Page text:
9 Big Mistakes People Make When Approaching Retirement - Cravitz Financial & Insurance Solutions

9 Big Mistakes People Make When Approaching Retirement

In the complex world of retirement planning, there are countless pitfalls one could fall into. So many different factors impact your success and determine whether you’ll be able to enjoy financial independence.

In this episode, we've distilled it down to what we believe are nine big mistakes to watch out for. Avoiding these crucial missteps can have a significant impact on the success of your retirement plan. So, join us as we delve into these key issues and learn how to navigate them effectively when it's your turn to plan for retirement.

Here are some of the things you’ll learn in this episode:

  • Starting Social Security as soon as possible might be the best solution, but you need to discuss this with a professional. (5:44)
  • Sequence of return risk and why it’s so important in retirement. (8:58)
  • Why you can’t ignore the future tax implications of your retirement accounts. (10:05)
  • Healthcare expenses cannot be overlooked in retirement. (13:44)

Full Transcript:

Ryan: It's not like it was a couple of generations ago where people didn't live very long in retirement. Today, again, people are living so much longer and you have to make sure that you're accounting for this.

Announcer: When it comes to financial planning, you need to cut through the jargon so that you can understand how to achieve your own retirement success. This is Candid Conversations: Retirement Talk with Ryan Cravitz of Cravitz Financial & Insurance Solutions.

Ben: Well, hello and welcome back in to Candid Conversations: Retirement Talk with Ryan Cravitz over at Cravitz Financial. You can find them online, cravitzfinancial.com. Ryan, what's going on today? How are you?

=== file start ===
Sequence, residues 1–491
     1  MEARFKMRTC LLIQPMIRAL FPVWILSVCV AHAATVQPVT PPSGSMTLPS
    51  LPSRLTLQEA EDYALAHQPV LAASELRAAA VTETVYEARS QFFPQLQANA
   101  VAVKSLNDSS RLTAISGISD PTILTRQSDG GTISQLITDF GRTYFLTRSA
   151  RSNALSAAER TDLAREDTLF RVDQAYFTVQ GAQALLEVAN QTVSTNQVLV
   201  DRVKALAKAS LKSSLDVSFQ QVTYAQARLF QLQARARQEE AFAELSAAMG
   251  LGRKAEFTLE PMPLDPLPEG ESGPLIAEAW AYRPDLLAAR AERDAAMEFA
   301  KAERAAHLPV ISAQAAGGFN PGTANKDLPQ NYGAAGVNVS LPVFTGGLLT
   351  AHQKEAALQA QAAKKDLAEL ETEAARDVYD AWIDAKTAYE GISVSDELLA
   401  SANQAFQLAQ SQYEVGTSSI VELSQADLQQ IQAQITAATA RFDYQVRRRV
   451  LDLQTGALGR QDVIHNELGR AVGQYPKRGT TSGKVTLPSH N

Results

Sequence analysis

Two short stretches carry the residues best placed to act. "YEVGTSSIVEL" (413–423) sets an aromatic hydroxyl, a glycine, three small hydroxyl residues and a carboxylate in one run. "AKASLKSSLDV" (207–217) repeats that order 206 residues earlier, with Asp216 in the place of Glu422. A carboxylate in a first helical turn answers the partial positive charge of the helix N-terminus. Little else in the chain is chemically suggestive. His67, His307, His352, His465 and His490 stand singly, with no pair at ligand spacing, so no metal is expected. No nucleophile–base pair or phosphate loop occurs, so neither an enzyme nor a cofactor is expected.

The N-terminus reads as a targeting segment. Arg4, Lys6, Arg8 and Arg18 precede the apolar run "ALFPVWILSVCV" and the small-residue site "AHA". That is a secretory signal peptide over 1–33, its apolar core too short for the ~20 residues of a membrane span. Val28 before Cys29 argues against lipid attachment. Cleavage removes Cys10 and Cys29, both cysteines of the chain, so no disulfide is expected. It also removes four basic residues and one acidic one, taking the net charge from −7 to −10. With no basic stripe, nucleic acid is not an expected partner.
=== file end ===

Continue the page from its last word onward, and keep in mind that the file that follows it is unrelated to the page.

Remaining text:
Ryan: I'm doing pretty good. How about you, Ben?

Ben: Doing well. As like we were talking about a little before, I'm getting ready to go to my first NHL playoff hockey game for the Carolina Hurricanes and Devils, so kind of fired up for that.

Ryan: I've got to go to a hockey game sometime. I've never actually been to a hockey game by here. It's fun in person. I'm not really a big fan of hockey, but again, I think it'd be fun to watch an actual game live.

Ben: Yeah, I don't keep up with it too much throughout the regular season, but playoff hockey's a lot of fun, yeah, and if you have a chance to go really with any sport, get in there and watch these guys perform at that highest level, it's pretty remarkable, and the way these guys move on ice is just, it's pretty fascinating to watch, so yeah, if you get a chance, I would highly recommend you working that into the schedule one time. It's a lot of fun.

Ryan: I'm going to do it. I mean, there's two teams locally that I can find here, right, the Kings and the Ducks, so I got double the opportunity.

Ben: Yeah, Kings been pretty good. Ducks, I guess they're not too bad either. But yeah, I mean, it's worth it if you get a shot, so I'm looking forward to that, so should be good.